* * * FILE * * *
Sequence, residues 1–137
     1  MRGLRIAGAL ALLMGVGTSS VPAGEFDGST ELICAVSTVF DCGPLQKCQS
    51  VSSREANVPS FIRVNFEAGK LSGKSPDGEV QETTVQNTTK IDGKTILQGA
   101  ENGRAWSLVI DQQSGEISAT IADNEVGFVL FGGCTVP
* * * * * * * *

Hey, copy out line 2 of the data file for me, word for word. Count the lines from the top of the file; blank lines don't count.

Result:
     1  MRGLRIAGAL ALLMGVGTSS VPAGEFDGST ELICAVSTVF DCGPLQKCQS